The Museum of Unconditional Surrender, by Dubravka Ugrešic (my copy is by Pheonix), translated by Celia Hawkesworth. This book is hard to come by if you want a new copy, it seems. I think it is only being published in America at the moment, and this is something that needs to be rectified as soon as possible!
I think we’ll kick this off with a quote from a section that comes between the acknowledgements and Chapter 1, but which is very much what the book is about. I hope the author won’t mind me typing out this swathe. First, though, we need this picture:
In the Berlin zoo, beside the pool containing the live walrus, there is an unusual display. In a glass case are all the things found in the stomach of Roland the Walrus, who died on 21 August 1961. Or to be precise:
a pink cigarette lighter, four ice-lolly sticks (wooden), a metal brooch in the form of a poodle, a beer-bottle opener, a woman’s bracelet (probably silver), a hair grip, a wooden pencil, a child’s plastic water pistol, a plastic knife, sunglasses, a little chain, a spring (small), a rubber ring, a parachute (child’s toy), a steel chain about 18″ in length, four nails (large), a green plastic car, a metal comb, a plastic badge, a small doll, a beer can (Pilsner, half pint), a box of matches, a baby’s shoe, a compass, a small car key, four coins, a knife with a wooden handle, a baby’s dummy, a bunch of keys (5), a padlock, a little plastic bag containing needles and thread.
The visitor stands in front of the unusual display, more enchanted than horrified, as before archeological exhibits. The visitor knows that their museum-display fate has been determined by chance (Roland’s whimsical appetite) but still cannot resist the poetic thought that with time the objects have acquired some subtler, secret connections. Caught up in this thought, the visitor then tries to establish semantic coordinates, to reconstruct the historical context (it occurs to him, for instance, that Roland died one week after the Berlin Wall was erected), and so on and so forth.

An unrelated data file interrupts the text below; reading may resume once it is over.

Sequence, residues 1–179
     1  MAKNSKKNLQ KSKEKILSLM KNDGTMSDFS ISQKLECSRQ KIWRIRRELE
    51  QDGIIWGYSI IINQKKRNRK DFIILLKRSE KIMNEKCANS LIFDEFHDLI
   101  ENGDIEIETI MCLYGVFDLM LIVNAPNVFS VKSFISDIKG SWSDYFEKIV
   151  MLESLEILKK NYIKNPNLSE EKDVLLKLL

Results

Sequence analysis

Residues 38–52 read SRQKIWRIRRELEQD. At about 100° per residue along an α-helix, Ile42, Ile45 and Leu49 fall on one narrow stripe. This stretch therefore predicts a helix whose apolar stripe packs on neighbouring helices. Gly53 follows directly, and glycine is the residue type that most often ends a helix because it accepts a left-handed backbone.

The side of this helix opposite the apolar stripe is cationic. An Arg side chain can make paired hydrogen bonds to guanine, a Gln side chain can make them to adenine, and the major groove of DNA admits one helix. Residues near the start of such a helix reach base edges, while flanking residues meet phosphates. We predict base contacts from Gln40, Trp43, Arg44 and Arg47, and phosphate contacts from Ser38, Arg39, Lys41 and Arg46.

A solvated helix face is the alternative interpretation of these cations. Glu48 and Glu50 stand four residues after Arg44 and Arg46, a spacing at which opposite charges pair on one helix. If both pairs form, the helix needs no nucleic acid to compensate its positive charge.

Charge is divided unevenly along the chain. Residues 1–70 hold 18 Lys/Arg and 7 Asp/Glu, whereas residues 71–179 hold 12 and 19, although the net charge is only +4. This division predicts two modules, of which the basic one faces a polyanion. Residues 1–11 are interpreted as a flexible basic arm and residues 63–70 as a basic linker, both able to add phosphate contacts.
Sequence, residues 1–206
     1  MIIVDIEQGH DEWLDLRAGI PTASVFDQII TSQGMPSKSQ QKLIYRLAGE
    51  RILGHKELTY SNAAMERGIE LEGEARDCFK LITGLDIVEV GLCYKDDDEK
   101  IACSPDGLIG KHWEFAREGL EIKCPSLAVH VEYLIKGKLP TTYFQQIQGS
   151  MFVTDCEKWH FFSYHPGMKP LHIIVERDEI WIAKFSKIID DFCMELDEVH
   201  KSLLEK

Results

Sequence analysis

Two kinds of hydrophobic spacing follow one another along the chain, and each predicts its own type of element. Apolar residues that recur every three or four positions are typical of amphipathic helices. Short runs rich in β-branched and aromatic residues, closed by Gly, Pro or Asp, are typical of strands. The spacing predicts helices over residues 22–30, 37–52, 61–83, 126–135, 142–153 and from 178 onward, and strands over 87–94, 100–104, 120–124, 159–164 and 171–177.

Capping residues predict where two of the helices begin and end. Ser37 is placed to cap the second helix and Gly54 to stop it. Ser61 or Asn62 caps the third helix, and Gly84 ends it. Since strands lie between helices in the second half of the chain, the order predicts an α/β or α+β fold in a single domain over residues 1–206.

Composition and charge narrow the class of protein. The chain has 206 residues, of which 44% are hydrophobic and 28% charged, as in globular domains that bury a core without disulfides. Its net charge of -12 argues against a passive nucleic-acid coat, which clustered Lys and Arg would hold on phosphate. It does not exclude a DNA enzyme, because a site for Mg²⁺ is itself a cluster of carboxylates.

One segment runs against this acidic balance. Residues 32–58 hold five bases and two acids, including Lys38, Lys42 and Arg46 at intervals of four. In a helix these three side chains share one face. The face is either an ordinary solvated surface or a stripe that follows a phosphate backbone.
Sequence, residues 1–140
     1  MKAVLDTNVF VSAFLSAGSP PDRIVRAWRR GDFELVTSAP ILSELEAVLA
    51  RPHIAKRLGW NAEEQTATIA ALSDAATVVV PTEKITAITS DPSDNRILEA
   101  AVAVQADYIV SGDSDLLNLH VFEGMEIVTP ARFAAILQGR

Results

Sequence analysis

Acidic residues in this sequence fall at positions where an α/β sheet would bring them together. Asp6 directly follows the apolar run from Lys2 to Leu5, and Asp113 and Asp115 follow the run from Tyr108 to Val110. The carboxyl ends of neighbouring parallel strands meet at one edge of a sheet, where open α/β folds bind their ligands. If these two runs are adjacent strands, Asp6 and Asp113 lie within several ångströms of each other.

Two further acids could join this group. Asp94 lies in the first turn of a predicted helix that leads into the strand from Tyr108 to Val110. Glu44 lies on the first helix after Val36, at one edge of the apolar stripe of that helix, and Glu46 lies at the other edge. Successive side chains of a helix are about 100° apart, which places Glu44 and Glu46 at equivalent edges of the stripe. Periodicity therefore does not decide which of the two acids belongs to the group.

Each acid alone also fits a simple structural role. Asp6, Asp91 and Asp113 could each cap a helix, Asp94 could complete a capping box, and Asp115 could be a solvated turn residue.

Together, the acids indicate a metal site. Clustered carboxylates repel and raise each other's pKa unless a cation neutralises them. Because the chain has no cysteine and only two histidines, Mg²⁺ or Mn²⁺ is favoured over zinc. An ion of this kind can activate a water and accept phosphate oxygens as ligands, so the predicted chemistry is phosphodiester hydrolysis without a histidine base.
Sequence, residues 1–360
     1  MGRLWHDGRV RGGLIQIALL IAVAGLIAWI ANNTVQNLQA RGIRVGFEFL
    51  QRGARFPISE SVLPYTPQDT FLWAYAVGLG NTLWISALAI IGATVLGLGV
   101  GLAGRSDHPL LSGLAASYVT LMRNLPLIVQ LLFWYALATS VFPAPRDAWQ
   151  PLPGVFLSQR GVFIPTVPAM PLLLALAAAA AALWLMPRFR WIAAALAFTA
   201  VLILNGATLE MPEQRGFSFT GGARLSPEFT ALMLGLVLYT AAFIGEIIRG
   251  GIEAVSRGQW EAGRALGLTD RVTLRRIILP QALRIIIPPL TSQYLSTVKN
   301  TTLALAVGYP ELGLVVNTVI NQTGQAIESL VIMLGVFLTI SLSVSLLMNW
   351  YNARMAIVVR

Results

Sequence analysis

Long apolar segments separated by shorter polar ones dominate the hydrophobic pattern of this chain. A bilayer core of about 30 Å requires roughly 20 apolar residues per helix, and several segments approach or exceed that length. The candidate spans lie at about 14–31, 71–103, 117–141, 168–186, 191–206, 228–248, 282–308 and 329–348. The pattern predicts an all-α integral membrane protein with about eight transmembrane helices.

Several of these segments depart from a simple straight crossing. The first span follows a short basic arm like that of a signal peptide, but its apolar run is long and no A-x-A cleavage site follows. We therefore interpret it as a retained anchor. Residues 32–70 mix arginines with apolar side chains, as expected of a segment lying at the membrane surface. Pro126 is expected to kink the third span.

The chapters and fragments which follow should be read in a similar way. If the reader feels that there are no meaningful of firm connections between them, let them be patient: the connections will establish themselves of their own accord. And one more thing: the question as to whether this novel is autobiographical might at some hypothetical moment be of concern to the police, but not to the reader.
Thank you for bearing with me through that over-long quote, but I’d reckon you’ll be hooked by now. Just a tiny bit? Well, let me see if I can get you hunting down a copy with this small infusion of enthusiasm (an enthusion?).
The book contains a number of different scenarios and characters, each of whom experience the impact of the collapse of the former Yugoslavia into bloody war during the early 1990s.As the characters are scattered around Eastern Europe at the whim of war, we are treated to some truly heartbreaking vignettes of how, without place and a sense of belonging, identity crumbles. This book is a museum of confused biographies and missing histories, which beautifully evokes the sense of being a refugee. At a time when there are two million five hundred and thirty-four thousand seven hundred and seventy-nine registered Syrian refugees, it is an important reminder that being without roots is horrifically traumatic.
This is a book about remembering and forgetting, about the way fragments of time and knowledge can interweave when they appear, like the contents of Roland’s stomach, to have no connection. It is by no means an easy read, but it meant to be difficult, to create the feeling of frustration and fragmentation that is experienced by the characters. If you like Kundera, or enjoyed Nabakov’s Speak, Memory, you will love this.